The small three-bedroom ranch house sits on just half an acre of land, but that’s okay because my backyard is the White Mountain National Forest. Almost all of the down payment came from wedding gifts. If the wind is blowing from the east you can smell the paper mill way over in Rumford, Maine, but most of the time it’s pine, dirt, and leaves, and whatever else is blended in there that makes the woods smell like they do. I love that smell. I inhale it deeply as I watch my hiking boots make tracks through the fallen leaves.
I always look down; it’s a ritual. It adds an air of anticipation to my late night sojourn, one I started when I heard from Ben for the first time since his unit left. He was in Italy for eighteen hours, and had managed to get some phone time.
Lisa baby did you see the moon?
I can’t see the moon from here Ben, it’s too early.
It’s full- the view of it from the plane was amazing. Go see it Li, write a poem about it and send it to me.
He probably didn’t mean it that way but to me, it was suddenly an imperative. A sight of that moon would be a shared experience- a way for us to be connected despite being thousands of miles apart. I went outside and scanned the sky but couldn’t see the moon, only a glow of light through the treetops. I ran through the woods to a clearing, which was illuminated by an ethereal glow and looked up to see what Benny saw. The word “ethereal” was in the poem I sent the next day along with a six-page letter.
The moment had been magical to me, so each night from then on I went to the clearing to see the moon, not looking skyward until I reached it. I told Ben about it when he called me a few days later from Kuwait.
I like to imagine we are looking at it at the same time Benny. Then it’s almost like we’re together.
My sentimental girl. I'd rather imagine I'm looking at you.
I can't believe this is happening.
We can do this, it'll be ok. I promise.
I've memorized each root and stone along this path through the woods, and I've come to think of them as little road signs. When I see the big-pointy-jutting-up elm root I know I'm about halfway there. I don't think Ben ever came out here; we only had the house two months before they called up his Guard unit. When we weren't both working we spent most of the time inside, doing much needed renovations on the house. We made one bedroom an office.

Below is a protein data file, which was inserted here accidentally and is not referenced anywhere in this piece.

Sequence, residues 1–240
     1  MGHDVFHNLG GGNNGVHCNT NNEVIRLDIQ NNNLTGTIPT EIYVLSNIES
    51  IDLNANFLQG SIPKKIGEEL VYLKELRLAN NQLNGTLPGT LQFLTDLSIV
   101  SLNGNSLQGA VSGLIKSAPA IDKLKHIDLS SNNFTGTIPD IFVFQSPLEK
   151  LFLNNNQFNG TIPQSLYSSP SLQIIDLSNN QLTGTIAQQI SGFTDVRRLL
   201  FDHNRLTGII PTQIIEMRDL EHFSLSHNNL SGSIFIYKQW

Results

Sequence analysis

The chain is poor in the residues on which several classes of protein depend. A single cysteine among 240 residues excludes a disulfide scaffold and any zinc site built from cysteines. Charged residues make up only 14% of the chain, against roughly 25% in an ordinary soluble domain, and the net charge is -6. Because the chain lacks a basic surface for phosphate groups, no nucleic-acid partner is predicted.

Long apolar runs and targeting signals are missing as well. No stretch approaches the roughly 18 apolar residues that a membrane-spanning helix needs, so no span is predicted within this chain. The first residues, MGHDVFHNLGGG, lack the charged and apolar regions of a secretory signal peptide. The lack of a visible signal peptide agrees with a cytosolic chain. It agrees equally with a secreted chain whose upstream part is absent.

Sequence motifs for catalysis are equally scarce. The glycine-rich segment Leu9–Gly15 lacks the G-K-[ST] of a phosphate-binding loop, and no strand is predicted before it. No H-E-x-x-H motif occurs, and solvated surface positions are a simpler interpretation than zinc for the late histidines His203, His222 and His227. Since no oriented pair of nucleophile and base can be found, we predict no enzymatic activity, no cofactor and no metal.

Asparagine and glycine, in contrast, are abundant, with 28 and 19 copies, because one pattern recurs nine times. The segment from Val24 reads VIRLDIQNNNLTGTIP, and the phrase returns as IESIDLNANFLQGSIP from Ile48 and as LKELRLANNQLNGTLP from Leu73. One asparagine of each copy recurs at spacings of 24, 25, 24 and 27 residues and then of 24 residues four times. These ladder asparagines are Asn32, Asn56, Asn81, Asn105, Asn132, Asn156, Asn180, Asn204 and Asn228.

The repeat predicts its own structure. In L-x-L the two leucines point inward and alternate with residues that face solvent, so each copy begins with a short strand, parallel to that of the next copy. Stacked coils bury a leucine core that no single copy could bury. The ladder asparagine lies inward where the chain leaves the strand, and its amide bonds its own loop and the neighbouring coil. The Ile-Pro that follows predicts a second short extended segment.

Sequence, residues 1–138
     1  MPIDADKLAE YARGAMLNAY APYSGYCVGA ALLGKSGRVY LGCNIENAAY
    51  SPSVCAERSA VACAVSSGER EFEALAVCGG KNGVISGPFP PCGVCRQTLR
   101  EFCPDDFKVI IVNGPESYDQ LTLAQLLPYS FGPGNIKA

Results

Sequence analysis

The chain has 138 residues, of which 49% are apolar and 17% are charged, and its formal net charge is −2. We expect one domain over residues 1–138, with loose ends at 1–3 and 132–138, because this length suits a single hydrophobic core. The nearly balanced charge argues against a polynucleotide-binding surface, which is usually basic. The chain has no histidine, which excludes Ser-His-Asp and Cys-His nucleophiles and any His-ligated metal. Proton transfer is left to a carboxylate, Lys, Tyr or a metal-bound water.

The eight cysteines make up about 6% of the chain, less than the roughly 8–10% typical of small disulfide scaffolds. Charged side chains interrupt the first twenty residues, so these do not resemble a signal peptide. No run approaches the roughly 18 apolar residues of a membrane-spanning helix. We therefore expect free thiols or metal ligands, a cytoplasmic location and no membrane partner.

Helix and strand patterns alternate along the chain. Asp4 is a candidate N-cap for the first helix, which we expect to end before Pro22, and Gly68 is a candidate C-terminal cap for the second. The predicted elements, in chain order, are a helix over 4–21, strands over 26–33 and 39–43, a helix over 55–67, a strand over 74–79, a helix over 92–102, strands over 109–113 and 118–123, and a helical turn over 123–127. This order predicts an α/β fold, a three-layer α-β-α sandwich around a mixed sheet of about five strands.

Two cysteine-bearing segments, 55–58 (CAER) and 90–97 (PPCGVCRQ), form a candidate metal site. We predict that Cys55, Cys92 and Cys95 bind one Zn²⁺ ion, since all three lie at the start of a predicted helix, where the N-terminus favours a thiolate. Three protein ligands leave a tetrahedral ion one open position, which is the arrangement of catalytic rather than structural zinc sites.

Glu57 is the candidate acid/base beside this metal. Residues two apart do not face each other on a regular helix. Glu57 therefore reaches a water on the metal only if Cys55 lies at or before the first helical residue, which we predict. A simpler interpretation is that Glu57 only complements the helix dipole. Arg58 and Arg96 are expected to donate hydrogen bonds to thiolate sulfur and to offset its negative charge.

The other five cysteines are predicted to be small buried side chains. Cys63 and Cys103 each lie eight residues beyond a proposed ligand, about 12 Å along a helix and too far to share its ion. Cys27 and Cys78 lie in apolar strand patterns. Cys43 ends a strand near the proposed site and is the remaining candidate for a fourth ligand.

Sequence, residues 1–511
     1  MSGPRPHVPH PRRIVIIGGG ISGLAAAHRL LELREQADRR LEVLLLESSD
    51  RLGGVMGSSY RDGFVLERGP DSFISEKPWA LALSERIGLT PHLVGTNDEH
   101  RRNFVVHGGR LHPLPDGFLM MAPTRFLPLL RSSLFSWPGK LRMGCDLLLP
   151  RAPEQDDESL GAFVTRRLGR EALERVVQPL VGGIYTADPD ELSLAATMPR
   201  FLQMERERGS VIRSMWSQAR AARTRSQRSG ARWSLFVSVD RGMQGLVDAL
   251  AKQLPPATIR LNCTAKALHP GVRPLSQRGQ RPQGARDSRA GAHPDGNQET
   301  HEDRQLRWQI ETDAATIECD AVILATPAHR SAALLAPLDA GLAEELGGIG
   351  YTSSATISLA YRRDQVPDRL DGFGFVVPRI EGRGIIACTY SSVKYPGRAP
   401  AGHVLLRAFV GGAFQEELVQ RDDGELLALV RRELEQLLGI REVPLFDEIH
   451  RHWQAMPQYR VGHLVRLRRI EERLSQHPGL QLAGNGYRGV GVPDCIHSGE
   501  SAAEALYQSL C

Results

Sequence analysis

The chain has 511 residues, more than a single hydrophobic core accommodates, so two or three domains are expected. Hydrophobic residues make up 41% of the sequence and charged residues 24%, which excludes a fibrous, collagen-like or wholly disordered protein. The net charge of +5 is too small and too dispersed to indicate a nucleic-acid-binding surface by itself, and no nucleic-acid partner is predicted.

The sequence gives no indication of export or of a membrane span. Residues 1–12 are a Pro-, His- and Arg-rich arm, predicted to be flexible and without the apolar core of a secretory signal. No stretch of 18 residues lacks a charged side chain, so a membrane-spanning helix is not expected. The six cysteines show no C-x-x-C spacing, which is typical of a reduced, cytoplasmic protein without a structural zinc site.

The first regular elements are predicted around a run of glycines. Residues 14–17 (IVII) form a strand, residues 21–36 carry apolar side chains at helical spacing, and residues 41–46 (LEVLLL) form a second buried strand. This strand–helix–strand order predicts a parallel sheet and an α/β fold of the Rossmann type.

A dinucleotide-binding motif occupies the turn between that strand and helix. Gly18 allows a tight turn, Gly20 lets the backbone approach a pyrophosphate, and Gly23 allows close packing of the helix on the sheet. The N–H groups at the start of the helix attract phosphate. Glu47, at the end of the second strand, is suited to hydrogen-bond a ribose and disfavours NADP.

You’re gonna be a famous writer someday Lisa, a real… what do they call it? A poet lariat?
Give me a break Benny, a lariat? That's a rope you geek!
A rope huh? How about I hog-tie you to the bed with it then?
He wanted to turn the third bedroom into a nursery, even though despite making like bunnies most of the time we had no baby on the way.
A tingling spreads through my insides at the thought of sex, and my legs decide to stop on their own volition. The woods are silent, except for my breathing that condenses into small clouds before my face. It’s a Frost poem without the snow, I think to myself. Hot tears sting my cold cheeks, and I get my legs to move forward again. The clearing isn't much farther ahead.
Hey, if I don't call for a while don't get worried ok?
I might not have access to a phone, that's all.
Did you get in trouble or something?
Nah, you know me, top of my class, straight as an arrow. I'm so good I get extra work.
That was five weeks ago. Thirty-six days, eight hours, and twenty minutes of waiting; looking at the silly note he wrote on the wipe board that I have yet to erase, feeding the goldfish he's had since before he even knew me, laying next to an empty space on the bed, brushing the cool sheets and wonder if they'll ever be warmed by his body again. Thirty-six days until my door bell rang, and I thanked the nice young men for letting me know my wait was over.
The comforting arms of awaiting friends and relatives felt empty. They meant well, but I needed to be alone. All I wanted was Ben, and there was only one place now where I could feel close to him. They'll understand.
My destination lies just ahead of me. I can tell, even with no light. I didn’t lift my head at the clearing the way I’d done every night for the previous year because it didn’t matter any longer if the moon was full or half or had fallen forever from the sky.